Older Americans Are the Fastest Growing Group of Medical Marijuana Users Despite Accessibility Issues

While medical cannabis use continues to increase across the board, the amount of Americans 60 or older using it is growing faster than any other age demographic. Despite this, a new study shows that older patients continue to have difficultly accessing this potentially life-saving medication.

Researchers from the University of Colorado recently set out to find how older Americans perceive and use medical marijuana. To do so they conducted 17 focus groups across Colorado and interviewed 136 people over the age of 60.

"Older Americans are using cannabis for a lot of different reasons," study co-author Dr. Hillary Lum from the University of Colorado School of Medicine told Science Daily. "Some use it to manage pain while others use it for depression or anxiety."

But while the use of medical marijuana to help a number of different health conditions is growing quickly among older Americans, many continue to face difficulties in actually getting it. Over all, older patients either avoided talking about medical marijuana with their physicians entirely because of associated stigmas or found that their doctors could not, or would not, provide them with information about cannabis when they did ask about it.

"I think [doctors can] be a lot more open to learning about it and discussing it with their patients," said one focus group respondent. "Because at this point I have told my primary care I was using it on my shoulder. And that was the end of the conversation. He didn't want to know why, he didn't want to know about effects, didn't want to know about side effects, didn't want to know anything."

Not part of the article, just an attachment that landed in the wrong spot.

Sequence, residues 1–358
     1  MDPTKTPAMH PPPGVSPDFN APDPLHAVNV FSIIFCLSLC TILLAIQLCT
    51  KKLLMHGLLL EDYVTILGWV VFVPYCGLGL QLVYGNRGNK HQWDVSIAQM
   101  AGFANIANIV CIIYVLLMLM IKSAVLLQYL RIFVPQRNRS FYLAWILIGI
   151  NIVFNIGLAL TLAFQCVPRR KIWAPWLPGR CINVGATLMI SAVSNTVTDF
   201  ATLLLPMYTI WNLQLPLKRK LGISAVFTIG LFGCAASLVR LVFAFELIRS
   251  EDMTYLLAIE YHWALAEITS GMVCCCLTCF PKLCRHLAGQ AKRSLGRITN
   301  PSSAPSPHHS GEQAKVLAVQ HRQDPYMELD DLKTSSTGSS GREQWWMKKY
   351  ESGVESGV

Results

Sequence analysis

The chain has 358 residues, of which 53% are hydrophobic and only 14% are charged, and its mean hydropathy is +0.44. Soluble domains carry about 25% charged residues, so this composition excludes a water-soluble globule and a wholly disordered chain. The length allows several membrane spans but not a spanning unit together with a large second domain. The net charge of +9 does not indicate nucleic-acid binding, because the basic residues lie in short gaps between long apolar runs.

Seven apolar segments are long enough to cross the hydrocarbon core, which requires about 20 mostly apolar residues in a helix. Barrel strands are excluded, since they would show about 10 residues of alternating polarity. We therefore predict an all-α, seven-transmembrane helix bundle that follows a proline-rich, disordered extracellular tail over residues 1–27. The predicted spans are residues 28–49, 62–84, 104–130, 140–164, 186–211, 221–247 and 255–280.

Because of the poor communication between patients and physicians, most of the study's respondents didn't have medical marijuana cards and were sourcing their cannabis from the recreational market instead.

"From a physician's standpoint this study shows the need to talk to patients in a non-judgmental way about cannabis," Lum said. "Doctors should also educate themselves about the risks and benefits of cannabis and be able to communicate that effectively to patients."

For many older patients, medical marijuana could prove to be a much safer alternative to the opioid medications that they are more often prescribed for treating pain and other conditions. But until doctors start seriously talking to their patients about medical marijuana, that option will continue to be unavailable for many.

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US Surgeon General Jerome Adams said the biggest risk to your health in America is stigma. During a lecture at UC Davis Medical School on Monday, Adams took sometime to talk about what he sees as the biggest health crisis in America right now: stigma. In particular, the public sentiments around addiction and drug use cause huge barriers that often mean people don't get the medical attention they need.

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